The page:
Archive for the ‘Centers for Disease Control and Prevention’ Category

Because Kent Brantly is a physician who has watched people die of Ebola, there was an especially chilling prescience to his assessment last week, between labored breaths: “I am going to die.”

His condition was grave. But then on Saturday, we saw images of Brantly’s heroic return to U.S. soil, walking with minimal assistance from an ambulance into an isolation unit at Emory University Hospital.

“One of the doctors called it ‘miraculous,'” Dr. Sanjay Gupta reported from Emory this morning, of Brantly’s turnaround within hours of receiving a treatment delivered from the U.S. National Institutes of Health. “Not a term we scientists like to throw around.”

“The outbreak is moving faster than our efforts to control it,” Dr. Margaret Chan, director of the World Health Organization, said on Friday in a plea for international help containing the virus. “If the situation continues to deteriorate, the consequences can be catastrophic in terms of lost lives, but also severe socioeconomic disruption and a high risk of spread to other countries.”

In that light, and because Ebola is notoriously incurable (and the strain at large its most lethal), it is overwhelming to hear that “Secret Serum Likely Saved Ebola Patients,” as we do this morning from Gupta’s every-20-minute CNN reports. He writes:

Three top secret, experimental vials stored at subzero temperatures were flown into Liberia last week in a last-ditch effort to save two American missionary workers [Dr. Kent Brantly and Nancy Writebol] who had contracted Ebola, according to a source familiar with details of the treatment.

Brantly had been working for the Christian aid organization Samaritan’s Purse as medical director of the Ebola Consolidation Case Management Center in Monrovia, Liberia. The group yesterday confirmed that he received a dose of an experimental serum before leaving the country.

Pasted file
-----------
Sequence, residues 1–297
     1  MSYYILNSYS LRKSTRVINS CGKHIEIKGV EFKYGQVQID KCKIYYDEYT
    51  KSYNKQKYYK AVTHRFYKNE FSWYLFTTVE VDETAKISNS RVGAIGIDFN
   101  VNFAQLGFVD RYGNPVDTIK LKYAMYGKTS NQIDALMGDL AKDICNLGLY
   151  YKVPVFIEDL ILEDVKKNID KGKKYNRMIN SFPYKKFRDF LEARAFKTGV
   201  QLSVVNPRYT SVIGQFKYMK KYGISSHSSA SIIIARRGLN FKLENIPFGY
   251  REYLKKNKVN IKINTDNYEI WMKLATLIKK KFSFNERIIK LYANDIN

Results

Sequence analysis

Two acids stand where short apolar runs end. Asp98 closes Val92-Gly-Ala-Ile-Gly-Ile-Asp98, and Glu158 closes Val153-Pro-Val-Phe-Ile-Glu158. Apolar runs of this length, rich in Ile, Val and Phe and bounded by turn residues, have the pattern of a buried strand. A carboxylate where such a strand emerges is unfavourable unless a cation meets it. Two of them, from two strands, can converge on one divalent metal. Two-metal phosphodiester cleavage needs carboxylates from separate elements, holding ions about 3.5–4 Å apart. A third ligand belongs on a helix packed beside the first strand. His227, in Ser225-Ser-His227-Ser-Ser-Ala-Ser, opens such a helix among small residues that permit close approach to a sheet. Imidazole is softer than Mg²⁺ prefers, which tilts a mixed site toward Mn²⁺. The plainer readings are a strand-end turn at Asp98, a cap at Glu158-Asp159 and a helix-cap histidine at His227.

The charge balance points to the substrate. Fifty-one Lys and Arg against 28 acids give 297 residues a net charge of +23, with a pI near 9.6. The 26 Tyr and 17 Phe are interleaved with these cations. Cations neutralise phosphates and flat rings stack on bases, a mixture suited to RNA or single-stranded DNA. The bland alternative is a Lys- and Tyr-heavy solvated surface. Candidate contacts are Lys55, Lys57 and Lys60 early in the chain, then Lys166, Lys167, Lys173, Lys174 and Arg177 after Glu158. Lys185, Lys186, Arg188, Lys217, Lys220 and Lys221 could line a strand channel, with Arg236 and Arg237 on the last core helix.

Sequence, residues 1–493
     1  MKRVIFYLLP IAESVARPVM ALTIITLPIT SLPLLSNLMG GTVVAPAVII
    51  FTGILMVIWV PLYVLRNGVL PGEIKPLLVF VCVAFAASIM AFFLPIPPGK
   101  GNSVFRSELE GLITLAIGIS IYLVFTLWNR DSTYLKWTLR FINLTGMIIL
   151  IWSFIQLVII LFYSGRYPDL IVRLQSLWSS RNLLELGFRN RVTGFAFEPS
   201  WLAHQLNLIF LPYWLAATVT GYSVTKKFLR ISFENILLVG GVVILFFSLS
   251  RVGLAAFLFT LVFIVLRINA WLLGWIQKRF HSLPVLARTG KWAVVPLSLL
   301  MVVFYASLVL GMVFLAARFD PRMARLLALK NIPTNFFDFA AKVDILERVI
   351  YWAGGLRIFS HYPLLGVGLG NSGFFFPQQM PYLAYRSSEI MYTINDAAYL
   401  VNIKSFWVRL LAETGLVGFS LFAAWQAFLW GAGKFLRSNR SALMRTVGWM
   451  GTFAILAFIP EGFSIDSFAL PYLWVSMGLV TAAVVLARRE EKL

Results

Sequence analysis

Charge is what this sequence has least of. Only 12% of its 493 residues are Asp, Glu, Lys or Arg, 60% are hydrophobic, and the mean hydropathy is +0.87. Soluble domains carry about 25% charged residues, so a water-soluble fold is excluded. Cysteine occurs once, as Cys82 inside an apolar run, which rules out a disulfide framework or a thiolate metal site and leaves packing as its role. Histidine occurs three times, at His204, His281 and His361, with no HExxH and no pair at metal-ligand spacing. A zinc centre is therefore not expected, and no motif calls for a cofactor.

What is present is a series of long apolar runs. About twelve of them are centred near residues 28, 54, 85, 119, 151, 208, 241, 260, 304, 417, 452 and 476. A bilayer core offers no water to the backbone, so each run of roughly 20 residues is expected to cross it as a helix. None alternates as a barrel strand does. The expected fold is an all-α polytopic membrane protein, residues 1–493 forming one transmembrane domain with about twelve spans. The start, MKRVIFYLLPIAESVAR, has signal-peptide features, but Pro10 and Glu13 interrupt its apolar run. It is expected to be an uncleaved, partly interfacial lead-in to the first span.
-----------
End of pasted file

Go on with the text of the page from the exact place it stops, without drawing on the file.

In Gupta’s optimistic assessment, Brantly’s “near complete recovery” began within hours of receiving the treatment that “likely saved his life.” Writebol is also reportedly improved since receiving the treatment, known as zMapp. But to say that it was a secret implies a frigid American exceptionalism; that the people of West Africa are dying in droves while a classified cure lies in wait.

The “top-secret serum” is a monoclonal antibody. Administration of monoclonal antibodies is an increasingly common but time-tested approach to eradicating interlopers in the human body. In a basic monoclonal antibody paradigm, scientists infect animals (in this case mice) with a disease, the mice mount an immune response (antibodies to fight the disease), and then the scientists harvest those antibodies and give them to infected humans. It’s an especially promising area in cancer treatment.

In this case, the proprietary blend of three monoclonal antibodies known as zMapp had never been tested in humans. It had previously been tested in eight monkeys with Ebola who survived—though all received treatment within 48 hours of being infected. A monkey treated outside of that exposure window did not survive. That means very little is known about the safety and effectiveness of this treatment—so little that outside of extreme circumstances like this, it would not be legal to use. Gupta speculates that the FDA may have allowed it under the compassionate use exemption.